Course pages 2014–15
Concurrent and Distributed Systems
Concurrent Systems (Michaelmas term 2014)
Jean Bacon's notes for 7 lectures of the course are below.
Robert Watson will present the FreeBSD case study sometime during the course. The notes for this are 2013 Lecture 8.
- Lecture 1: Introduction to concurrency and threads [PDF, 2up]
- Lecture 2: Shared memory concurrency control - low level [PDF, 2up]
- Lecture 3: Shared memory concurrency control - high-level languages [PDF, 2up]
- Additional material on shared memory concurrency control: lock-free programming [PDF, 2up]
- Lecture 4: Cross address-space interprocess communication [PDF, 2up]
- Lecture 5: Liveness and Deadlocks [PDF, 2up]
- Lecture 6: Transactions [PDF, 2up]
- Lecture 7: Transactions: Concurrency control and recovery [PDF, 2up]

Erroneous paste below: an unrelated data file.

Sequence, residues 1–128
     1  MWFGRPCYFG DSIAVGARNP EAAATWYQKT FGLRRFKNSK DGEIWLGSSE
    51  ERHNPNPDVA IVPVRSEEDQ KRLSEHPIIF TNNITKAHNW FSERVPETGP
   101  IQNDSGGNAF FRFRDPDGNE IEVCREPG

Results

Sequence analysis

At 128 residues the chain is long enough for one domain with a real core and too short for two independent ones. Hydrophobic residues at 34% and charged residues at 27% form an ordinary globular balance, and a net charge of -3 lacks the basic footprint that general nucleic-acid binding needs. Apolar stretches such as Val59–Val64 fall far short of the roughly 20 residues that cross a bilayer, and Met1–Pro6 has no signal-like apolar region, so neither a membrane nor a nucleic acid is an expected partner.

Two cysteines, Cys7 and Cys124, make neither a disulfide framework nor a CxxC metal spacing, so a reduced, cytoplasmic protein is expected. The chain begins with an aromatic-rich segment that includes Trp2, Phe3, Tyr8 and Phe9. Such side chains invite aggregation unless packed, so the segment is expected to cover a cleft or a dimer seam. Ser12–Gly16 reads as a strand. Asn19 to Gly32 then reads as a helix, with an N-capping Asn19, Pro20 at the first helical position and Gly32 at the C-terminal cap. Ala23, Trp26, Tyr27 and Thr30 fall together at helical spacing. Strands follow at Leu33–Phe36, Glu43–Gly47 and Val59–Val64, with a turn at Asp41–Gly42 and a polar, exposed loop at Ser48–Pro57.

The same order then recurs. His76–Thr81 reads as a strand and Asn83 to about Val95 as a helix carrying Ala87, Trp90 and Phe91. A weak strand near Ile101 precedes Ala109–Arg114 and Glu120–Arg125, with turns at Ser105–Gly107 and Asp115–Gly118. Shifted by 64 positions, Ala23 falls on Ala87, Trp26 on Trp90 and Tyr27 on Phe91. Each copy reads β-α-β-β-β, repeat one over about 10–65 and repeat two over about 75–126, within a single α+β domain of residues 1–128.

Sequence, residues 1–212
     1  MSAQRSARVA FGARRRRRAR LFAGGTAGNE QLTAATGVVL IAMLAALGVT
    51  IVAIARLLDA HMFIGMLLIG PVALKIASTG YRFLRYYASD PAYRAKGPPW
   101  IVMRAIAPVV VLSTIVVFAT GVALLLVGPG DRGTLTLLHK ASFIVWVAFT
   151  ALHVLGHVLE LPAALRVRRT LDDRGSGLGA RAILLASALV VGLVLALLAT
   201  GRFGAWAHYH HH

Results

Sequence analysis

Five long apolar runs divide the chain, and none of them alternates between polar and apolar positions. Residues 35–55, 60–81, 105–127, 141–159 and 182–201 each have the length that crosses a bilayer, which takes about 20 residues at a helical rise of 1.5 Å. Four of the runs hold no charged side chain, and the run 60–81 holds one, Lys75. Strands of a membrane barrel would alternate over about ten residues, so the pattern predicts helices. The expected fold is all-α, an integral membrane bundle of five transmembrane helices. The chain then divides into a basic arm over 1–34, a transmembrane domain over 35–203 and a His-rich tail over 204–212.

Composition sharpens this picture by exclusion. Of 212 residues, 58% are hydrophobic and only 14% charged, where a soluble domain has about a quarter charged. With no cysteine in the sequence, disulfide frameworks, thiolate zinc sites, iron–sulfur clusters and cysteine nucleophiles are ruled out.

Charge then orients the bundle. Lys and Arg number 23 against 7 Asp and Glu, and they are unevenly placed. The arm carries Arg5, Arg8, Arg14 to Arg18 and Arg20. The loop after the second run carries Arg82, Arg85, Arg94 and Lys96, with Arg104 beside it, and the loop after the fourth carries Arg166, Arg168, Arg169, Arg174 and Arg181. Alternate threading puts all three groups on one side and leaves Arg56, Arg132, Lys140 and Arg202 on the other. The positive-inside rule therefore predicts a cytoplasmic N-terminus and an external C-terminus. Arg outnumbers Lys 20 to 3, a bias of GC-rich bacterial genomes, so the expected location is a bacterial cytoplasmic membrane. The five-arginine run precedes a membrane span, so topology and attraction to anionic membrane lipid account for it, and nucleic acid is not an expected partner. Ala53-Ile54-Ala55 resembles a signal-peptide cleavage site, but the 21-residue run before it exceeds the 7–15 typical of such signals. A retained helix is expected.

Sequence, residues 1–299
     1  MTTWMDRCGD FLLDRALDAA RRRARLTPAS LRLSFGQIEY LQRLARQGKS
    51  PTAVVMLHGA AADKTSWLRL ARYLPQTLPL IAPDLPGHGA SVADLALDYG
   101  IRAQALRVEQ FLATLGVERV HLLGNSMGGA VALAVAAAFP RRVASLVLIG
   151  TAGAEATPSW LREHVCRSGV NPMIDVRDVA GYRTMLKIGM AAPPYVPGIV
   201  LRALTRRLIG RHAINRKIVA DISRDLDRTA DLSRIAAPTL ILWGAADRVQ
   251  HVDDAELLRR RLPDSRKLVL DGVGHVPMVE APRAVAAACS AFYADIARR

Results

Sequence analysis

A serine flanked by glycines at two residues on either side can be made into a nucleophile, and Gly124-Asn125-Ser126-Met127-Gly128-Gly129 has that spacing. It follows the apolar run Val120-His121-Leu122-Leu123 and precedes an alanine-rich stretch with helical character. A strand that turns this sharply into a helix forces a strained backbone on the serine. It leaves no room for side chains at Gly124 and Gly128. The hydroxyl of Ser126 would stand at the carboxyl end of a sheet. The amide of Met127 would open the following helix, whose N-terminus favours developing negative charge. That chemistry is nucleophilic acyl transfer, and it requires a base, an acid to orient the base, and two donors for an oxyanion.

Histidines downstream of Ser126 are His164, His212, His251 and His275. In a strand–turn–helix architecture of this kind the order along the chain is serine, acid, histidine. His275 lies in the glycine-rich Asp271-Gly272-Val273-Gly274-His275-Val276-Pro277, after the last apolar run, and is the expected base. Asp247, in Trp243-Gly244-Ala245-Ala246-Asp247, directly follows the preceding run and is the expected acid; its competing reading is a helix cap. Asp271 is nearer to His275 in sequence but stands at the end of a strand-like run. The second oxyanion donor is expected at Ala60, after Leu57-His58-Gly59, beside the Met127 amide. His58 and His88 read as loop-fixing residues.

- Lecture 8: Case study FreeBSD, given by Dr Robert Watson [PDF, 2up]
Robert Watson's notes from 2013 are below.
Please browse them for another presentation of the same material, including much more Java syntax.
- 2013 Lecture 1: Introduction to concurrency and threads [PDF, 2up]
- 2013 Lecture 2: Mutual exclusion and process synchronisation [PDF, 2up]
- 2013 Lecture 3: CCR, monitors, concurrency in practice [PDF, 2up]
- 2013 Lecture 4: Safety and liveness [PDF, 2up]
- 2013 Lecture 5: Concurrency without shared data; transactions [PDF, 2up]
- 2013 Lecture 6: Further transactions [PDF, 2up]
- 2013 Lecture 7: Crash recovery; lock-free programming; transactional memory [PDF, 2up]
- 2013 Lecture 8: Concurrent systems case study [PDF, 2up]
This will be given by Dr Watson during the 2014 course.
Supervision material and notes from 2013
- Concurrent systems supervision questions 1: Semaphores, generalised producer-consumer, and priorities
- Concurrent systems supervision questions 2: Transactions
Many of the ideas in concurrent systems can feel quite abstract in the absence of real-world experience; more glibly put, you can't understand a race condition without having debugged one! An introduction to concurrency primitives in Java, as well as several practical exercises, can be found here:
These may be a useful supplement to more theoretical supervision questions.